Chapter 3 of 24 from Judy Blume

Finding Ideas - Part 1

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Judy believes the most powerful stories come from within, yet writers need to be highly attuned to the world around them. She shares her process for identifying and developing strong ideas.

Topics include: Let Your Imagination Roam • Observe Everything • Tune In • Use Your Own Life

Judy believes the most powerful stories come from within, yet writers need to be highly attuned to the world around them. She shares her process for identifying and developing strong ideas.

Topics include: Let Your Imagination Roam • Observe Everything • Tune In • Use Your Own Life

Judy Blume

Judy Blume Teaches Writing

In 24 lessons, Judy Blume will show you how to develop vibrant characters and hook your readers.

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Write timeless stories

Judy Blume broke the rules. Her refreshingly honest children’s books were banned by hundreds of libraries—and loved by generations of readers, who bought 85 million copies of classics like Are You There God? It’s Me, Margaret and Superfudge. In her first online class, the award-winning author teaches you how to invent vivid characters, write realistic dialogue, and turn your experiences into stories people will treasure.

Watch, listen, and learn as Judy teaches her first-ever writing class.

A downloadable workbook accompanies the class with lesson recaps, assignments, and supplemental material.

Upload videos to get feedback from the class. Judy will also critique select student work.

Reviews

4.7
Students give MasterClass an average rating of 4.7 out of 5 stars.

The class confirmed many of my own methods and encouraged me to be honest with my writing, a confirmation I needed to hear. Thank you, Judy Blume!

While some of the lessons became repetitive there's no denying Judy Blume's passion for writing and for love for other writers. Inspiring!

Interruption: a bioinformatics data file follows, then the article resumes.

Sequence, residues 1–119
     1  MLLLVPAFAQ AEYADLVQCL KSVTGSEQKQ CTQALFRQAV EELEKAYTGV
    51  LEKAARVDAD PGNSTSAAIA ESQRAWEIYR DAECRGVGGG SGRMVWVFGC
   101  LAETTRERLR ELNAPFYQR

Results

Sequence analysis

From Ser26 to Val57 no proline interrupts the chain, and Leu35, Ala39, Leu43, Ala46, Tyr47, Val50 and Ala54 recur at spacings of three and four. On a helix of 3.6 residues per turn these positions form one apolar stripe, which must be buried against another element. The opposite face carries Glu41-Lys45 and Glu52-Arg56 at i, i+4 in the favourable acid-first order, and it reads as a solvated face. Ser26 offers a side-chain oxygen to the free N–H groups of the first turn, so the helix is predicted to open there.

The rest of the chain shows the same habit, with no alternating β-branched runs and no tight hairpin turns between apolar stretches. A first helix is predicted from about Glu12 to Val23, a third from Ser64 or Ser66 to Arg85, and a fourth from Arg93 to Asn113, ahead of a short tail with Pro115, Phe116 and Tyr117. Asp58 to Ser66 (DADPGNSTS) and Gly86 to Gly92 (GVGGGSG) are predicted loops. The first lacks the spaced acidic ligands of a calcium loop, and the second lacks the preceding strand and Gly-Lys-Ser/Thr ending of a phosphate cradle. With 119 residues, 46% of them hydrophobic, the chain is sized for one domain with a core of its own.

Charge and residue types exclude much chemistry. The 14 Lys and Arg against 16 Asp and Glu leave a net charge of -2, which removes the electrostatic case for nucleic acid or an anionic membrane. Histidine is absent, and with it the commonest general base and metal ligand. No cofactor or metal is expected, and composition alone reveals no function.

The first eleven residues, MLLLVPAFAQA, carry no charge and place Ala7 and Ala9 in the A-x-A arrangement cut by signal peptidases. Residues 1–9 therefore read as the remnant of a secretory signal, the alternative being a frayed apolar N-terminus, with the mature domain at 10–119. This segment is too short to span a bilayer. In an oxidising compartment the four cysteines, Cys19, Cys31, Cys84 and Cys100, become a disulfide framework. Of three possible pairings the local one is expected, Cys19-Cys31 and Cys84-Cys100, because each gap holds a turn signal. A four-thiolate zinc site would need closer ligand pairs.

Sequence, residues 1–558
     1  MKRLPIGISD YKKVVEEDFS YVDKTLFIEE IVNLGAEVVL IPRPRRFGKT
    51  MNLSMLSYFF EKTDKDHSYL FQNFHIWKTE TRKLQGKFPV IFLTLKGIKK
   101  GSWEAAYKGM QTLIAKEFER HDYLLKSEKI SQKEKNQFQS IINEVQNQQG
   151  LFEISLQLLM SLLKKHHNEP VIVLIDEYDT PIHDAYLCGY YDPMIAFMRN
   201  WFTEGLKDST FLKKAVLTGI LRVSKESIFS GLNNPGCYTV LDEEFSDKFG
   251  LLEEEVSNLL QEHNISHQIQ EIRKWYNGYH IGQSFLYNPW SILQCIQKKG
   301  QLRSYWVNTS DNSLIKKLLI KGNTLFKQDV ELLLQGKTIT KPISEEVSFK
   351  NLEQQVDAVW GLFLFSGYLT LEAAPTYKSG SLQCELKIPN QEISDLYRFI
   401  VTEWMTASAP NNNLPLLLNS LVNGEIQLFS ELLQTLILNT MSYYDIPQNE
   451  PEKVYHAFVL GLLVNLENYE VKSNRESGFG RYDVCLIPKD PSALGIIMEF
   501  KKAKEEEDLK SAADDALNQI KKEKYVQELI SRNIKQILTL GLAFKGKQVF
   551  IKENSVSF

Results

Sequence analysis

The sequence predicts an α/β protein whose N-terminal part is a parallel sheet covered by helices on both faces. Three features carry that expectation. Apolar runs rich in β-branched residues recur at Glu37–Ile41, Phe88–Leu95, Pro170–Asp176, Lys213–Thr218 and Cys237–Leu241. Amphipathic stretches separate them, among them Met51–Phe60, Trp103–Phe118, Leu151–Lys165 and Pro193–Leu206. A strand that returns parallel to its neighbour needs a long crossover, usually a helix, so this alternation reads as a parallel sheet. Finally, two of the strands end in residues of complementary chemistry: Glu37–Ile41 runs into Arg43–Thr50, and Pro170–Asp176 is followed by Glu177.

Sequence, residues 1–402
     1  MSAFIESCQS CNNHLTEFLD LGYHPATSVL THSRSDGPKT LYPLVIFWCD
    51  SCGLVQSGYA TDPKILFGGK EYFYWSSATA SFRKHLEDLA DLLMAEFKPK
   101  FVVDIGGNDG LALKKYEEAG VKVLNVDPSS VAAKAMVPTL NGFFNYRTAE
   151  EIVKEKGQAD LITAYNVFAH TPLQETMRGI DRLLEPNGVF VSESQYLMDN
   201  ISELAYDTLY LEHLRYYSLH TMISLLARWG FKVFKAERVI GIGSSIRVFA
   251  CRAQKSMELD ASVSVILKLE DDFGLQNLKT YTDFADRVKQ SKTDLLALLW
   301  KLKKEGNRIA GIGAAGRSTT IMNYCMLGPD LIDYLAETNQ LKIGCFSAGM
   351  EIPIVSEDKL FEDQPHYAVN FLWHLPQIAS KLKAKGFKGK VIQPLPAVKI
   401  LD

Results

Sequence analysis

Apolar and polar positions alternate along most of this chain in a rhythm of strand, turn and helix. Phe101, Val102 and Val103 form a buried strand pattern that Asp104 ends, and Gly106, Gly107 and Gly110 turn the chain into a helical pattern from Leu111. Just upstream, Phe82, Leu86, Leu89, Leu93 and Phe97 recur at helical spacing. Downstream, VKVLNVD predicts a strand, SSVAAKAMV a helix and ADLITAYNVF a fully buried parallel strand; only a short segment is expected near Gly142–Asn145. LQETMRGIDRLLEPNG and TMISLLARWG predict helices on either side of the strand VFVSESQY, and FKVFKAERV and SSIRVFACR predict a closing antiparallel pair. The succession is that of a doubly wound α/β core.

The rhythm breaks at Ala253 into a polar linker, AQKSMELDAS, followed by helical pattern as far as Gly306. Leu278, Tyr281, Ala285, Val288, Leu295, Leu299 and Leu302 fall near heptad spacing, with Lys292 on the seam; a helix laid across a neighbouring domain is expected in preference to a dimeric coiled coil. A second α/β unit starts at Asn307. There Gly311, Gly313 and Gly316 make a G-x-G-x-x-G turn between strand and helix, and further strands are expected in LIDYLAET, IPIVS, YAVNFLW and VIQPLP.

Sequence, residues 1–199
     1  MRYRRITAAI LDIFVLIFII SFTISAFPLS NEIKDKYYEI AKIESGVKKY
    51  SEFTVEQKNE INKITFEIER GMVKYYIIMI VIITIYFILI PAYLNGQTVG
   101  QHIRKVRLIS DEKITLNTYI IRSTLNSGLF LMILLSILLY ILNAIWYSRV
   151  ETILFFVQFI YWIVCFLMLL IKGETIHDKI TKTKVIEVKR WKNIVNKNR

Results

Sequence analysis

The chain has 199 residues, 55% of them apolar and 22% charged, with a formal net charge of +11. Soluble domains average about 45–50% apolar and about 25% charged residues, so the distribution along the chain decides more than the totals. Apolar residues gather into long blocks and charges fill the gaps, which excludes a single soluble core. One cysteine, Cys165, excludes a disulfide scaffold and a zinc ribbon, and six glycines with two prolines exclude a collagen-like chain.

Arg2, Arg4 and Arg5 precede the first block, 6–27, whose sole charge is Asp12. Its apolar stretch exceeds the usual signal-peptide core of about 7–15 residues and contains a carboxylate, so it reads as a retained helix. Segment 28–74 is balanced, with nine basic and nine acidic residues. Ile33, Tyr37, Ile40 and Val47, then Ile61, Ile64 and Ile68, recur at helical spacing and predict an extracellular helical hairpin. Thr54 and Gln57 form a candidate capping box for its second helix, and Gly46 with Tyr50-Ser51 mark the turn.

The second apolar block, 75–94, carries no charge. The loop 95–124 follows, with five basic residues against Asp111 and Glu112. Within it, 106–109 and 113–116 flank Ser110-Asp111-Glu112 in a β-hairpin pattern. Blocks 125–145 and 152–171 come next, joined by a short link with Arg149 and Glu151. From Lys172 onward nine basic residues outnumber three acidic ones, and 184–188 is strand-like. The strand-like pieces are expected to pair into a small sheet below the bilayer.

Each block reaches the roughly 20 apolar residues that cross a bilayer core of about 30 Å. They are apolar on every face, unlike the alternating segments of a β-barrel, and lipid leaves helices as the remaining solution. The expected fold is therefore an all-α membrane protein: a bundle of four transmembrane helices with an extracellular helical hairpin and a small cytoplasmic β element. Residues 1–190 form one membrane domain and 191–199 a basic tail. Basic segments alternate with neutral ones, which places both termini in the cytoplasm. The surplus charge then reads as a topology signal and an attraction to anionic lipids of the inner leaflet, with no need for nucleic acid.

Judy Blume is the best. In 10,000 years after humans have terraformed Mars, there will be a statue of Judy Blume just outside the first martian library.

Lovely lady. Wish she shared more about her daily process.

Comments

Sarah D.

I loved this lesson. I have so many life stories that could be turned into stories, pure fiction. I'm so glad I chose this class as my first Masterclass.

Violet W.

I was so much like she was as a child. I was constantly in an imagination world that also kept me company. I have always been a people watcher, and out of fear became very "ritualistic" as she put it. I prayed constantly making deals with god.

Cathy C.

this was so funny to learn that snooping is a skill that writers should have and copy into stories!!

A fellow student

I love this. I find myself people watching almost everywhere I go, but have never consciously thought to draw from that information to describe the way a character laughs or fidgets when they're talking or anything like that.

A fellow student

I haven't read her books since I was a kid but I remember a little girl being afraid that the Nazis had escaped and were living in Miami Beach and coming to get her. It's true, Judy Blume always wrote about the things kids were afraid of, and that's why they resonated so well. Also ALL the kids in my class loved the Fudge books. Omg and Ramona. What wonderful characters.

Wendy

Now I don't feel so bad that I sometimes take out my compact mirror and do a "back view" to see the people talking behind me in the restaurant, or sneak a cell-phone photo not looking backwards!!

Deborah

Observation is a great way to build realistic characters. Judy consistently shows that writing is a process and, by sharing her passion for writing, inspires me to focus on the different elements that she describes.

Claire M.